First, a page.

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Salt Lake City Research & Continuing online Projects

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    The Olive Tree Genealogy Newsletter --- helping you find the roots and branches of your family tree. V. 2 #15: Salt Lake City Research & Continuing online
    Message 1 of 1 , Aug 10, 2003
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      The Olive Tree Genealogy Newsletter --- helping you find the roots
      and branches of your family tree.

      V. 2 #15: Salt Lake City Research & Continuing online Projects

      1. Salt Lake City Research - Tips
      2. Alms House Admission Foreigners & Nativity Records ( New
      York City, NY) Bond Registers 1855-1858. (Update)
      3. The Unindexed New York Years, 1847-1896 (Update)

      1. Salt Lake City Research - Tips

      Hi everyone,

      Are you ready for a trip to Salt Lake City Library? It's
      fantastic! I just returned from a great time there so
      thought I'd share a few tips and suggestions.

      1. Have a plan before you go.

      Decide what you want to find out. I made a list of dozens
      of things I wanted to look for - from a specific ships'
      passenger lists going to New York, to church records in
      Iowa to land records for great great grandpa in Sullivan
      County New York 1830s to naturalization records for several
      of my ancestors in Michigan. [Check for Online Ships'
      Passenger Lists at http://olivetreegenealogy.com/ships/ or
      for Naturalization Film numbers at
      http://naturalizationrecords.com/ ]

      2. Check the online Family History Library Catalogue to
      find out what they have available.

      Make a list of the film numbers or book call numbers you
      need. Write it down on your plan beside each item you want
      to look for. That saves you time and thinking once there.
      After a day or two of intensive searching your brain will
      turn to mush. Your plan will be your salvation, because it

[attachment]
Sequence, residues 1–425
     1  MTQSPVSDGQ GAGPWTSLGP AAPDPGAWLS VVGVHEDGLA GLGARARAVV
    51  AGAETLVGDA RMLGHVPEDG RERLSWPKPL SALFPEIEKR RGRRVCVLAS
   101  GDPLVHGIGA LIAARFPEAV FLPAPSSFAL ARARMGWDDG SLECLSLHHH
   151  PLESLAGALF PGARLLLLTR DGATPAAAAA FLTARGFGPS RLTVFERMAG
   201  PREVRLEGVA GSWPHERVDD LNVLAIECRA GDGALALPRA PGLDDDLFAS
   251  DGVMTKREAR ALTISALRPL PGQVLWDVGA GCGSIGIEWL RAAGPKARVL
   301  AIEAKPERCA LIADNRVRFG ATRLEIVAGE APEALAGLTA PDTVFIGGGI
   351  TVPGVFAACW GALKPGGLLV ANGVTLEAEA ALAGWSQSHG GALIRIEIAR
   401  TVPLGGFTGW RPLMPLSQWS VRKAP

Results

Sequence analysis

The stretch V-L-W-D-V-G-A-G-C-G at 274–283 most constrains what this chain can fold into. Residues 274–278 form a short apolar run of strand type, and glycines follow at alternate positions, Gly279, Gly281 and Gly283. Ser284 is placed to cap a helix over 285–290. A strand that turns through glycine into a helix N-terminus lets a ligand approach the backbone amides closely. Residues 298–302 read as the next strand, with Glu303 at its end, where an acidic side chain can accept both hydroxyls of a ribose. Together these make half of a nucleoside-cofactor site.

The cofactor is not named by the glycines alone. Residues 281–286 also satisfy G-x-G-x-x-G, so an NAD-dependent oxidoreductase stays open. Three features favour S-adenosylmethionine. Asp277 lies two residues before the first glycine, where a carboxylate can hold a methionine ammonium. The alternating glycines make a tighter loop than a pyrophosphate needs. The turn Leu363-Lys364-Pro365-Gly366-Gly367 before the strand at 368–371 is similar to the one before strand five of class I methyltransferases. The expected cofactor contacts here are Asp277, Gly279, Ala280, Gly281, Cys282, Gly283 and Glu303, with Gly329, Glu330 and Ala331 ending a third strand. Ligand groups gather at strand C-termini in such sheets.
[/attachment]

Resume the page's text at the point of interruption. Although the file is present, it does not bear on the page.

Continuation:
is already thought out and
      organized for searching. [ See the FHL Catalogue at
      sp ]

      I have 8 more tips for using the Library in Salt Lake City
      online at http://olivetreegenealogy.com/articles/slc.shtml

      I hope you find these tips helpful! It's a fantastic city
      and Library and I hope everyone experiences it at least

      2. Alms House Admission Foreigners & Nativity Records ( New
      York City, NY) Bond Registers 1855-1858. (Update)

      New York City was a very busy port for ships. One of the
      difficult things about searching for ancestors arriving
      there is that the ships passenger lists aren't indexed from
      1847 to 1896.

      However I've been working on a project to transcribe the
      Alms House Admission Foreigners & Nativity Records ( New
      York City, NY) Bond Registers 1855-1858.

      These records contain the names of individuals who were
      impoverished, and who sought help at the Almshouse. The
      transcribed records contain the place of birth of each
      individual as well as the name of the ship they sailed on
      to reach N. America. The year of arrival is also noted, and
      the ports of departure and arrival. This is a wonderful
      resource for the unindexed NY years!

      Dating back to the colonial era, New York City assumed
      responsibility for its citizens who were destitute, sick,
      homeless, or otherwise unable to care for themselves.

      The city maintained an almshouse, various hospitals, and a
      workhouse on Blackwell's Island (now called Roosevelt
      Island) for the poor.

      The information fields are: Date of Admission, Name, Age,
      Nativity, Time of Arrival, Port Sailed From, Port Arrived
      At, Ship, Captain, Married or Single, Who Can Identify
      Them, How Many Times on The Island, Remarks

      The index to the records can be found at


      Here is an example of the kinds of information found in
      Almshouse records:

      In Mar 1856 John Coleman, age 15, single, from Ireland
      applied for relief. He told the clerk of the Almshouse that